We’ve all had it happen: you notice a small crack in your windscreen, then it just grows and grows. But you can’t remember any significant impact on your windscreen. You also take good care of your car. So where on earth did the crack come from? Stress cracks have a whole range of causes – many of which are largely unknown. That’s why we’ve put together this list of some common stress crack causes. After all, if you know the cause, you’re better placed to prevent stress cracks in the future!
Stress cracks often develop in windscreens as a result of stone chips – but there’s a difference
First, let’s look at the most common cause of windscreen stress cracks: stone chips. Stone chips are relatively common, and their cause is hardly a secret. Stone chips usually occur on the highway, when passing traffic flicks small rocks into your windscreen at high speed. They can give you a fright, and leave an immediate mark, but how is that related to stress cracks? After all, stress cracks are noticeably different; they extend long distances in relatively straight lines. Well, stone chips are the most common cause for a simple reason: they weaken the glass. Automotive glass relies on its outermost layer of laminate for strength and ductility. When that outer layer is compromised, the inner, more brittle layer of glass can be affected. When it is, stress cracks tend to develop.
Sudden temperature changes are a little known cause of stress cracks in windscreens
Stone chips aren’t the only cause of stress cracks, though. Another little known stressor of windscreens is temperature. When materials change temperature, they expand or contract. If heated, they expand; if cooled, they contract. Windscreens are no different. If you leave your car out in the summer sun, chances are that windscreen is going to expand. You won’t be able to see it with your eyes, but it will be doing so on a molecular level. If a storm then passes, or you wash your car, and cold water falls on your windscreen, it will cool pretty rapidly. Of course, rapid cooling will be rapid contraction. And if your windscreen is in any way compromised, that temperature change can cause a stress crack.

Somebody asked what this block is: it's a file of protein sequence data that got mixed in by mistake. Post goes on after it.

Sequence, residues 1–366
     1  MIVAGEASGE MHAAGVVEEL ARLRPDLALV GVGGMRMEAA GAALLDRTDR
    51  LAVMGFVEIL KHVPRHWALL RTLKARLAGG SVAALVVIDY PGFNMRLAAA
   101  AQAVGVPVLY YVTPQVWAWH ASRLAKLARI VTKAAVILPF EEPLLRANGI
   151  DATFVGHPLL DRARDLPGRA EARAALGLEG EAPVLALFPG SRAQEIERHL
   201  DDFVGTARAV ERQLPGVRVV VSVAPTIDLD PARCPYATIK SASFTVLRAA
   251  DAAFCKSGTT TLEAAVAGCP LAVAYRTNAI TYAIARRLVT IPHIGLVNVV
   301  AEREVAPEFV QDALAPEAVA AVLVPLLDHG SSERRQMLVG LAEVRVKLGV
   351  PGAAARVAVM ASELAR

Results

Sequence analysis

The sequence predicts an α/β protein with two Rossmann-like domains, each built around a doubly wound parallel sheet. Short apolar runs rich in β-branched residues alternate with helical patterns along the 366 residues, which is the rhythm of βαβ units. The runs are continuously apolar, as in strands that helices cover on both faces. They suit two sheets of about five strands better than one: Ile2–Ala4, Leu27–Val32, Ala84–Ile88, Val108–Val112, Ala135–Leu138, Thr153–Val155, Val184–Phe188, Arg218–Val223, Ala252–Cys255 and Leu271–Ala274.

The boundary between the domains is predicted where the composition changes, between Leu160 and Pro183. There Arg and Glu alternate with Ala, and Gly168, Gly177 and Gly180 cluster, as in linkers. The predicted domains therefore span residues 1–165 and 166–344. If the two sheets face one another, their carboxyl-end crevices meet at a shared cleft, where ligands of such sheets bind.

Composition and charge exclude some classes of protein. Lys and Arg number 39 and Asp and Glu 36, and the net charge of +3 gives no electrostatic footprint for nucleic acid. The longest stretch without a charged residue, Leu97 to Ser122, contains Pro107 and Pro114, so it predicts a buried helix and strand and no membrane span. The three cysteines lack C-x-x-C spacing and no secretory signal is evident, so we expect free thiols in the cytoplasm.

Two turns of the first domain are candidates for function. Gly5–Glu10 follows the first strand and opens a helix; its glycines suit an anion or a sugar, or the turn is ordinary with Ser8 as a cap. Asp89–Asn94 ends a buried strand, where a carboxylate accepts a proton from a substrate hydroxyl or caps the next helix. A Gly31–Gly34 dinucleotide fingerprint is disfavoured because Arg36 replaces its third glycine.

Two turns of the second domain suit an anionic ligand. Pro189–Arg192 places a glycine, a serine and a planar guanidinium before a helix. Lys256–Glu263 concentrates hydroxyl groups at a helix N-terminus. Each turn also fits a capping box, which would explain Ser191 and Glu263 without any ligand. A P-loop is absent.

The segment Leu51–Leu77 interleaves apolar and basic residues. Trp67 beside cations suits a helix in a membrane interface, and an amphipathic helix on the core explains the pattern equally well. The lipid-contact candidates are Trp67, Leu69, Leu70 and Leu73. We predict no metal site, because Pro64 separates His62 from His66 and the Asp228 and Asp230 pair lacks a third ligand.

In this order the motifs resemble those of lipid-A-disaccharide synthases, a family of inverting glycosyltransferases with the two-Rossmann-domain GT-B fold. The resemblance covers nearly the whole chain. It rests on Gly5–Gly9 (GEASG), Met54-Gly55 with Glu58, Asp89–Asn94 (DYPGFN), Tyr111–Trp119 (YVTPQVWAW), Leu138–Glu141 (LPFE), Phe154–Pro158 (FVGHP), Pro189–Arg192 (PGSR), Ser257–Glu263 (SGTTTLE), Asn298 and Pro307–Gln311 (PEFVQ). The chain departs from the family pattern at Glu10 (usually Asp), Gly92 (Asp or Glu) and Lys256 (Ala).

Impact: it can both cause and worsen stress cracks in windscreens – here some common causes
If you’re driving on a bumpy road, you might see an existing stress crack extend before your eyes. Such is the effect of bumps and impact on stress fractures. But it doesn’t always have to been extreme impact. In truth, windscreens lose some of their strength when they’re cracked. That means a cracked windscreen is easier to crack further. As a result, even minor impacts, such as a slammed car door, can lengthen windscreen cracks.
Age is another factor in stress cracks; old windscreens tend to be more brittle than newer ones
Finally, let’s talk age. Automotive glass technology has come a long way in recent years. Newer windscreens are stronger, more flexible, and more durable than ever. So it won’t come as a surprise to learnt that older windscreens crack much more easily than new ones. Old four wheel drives are particularly notable in that regard; they sustain a few knocks over their lifetimes, and it can often result in windscreen stress cracks.
What should you do if there’s a stress crack in your windscreen? Take it to an expert ASAP
So what do you do if there’s a stress crack in your windscreen? Our advice: get it fixed by an expert as soon as you can. The crack won’t get better on its own; rather, it will continue to deteriorate with increasing speed. So don’t take the risk; get your cracked windscreen sorted as soon as possible!
Contact us for expert windscreen replacement.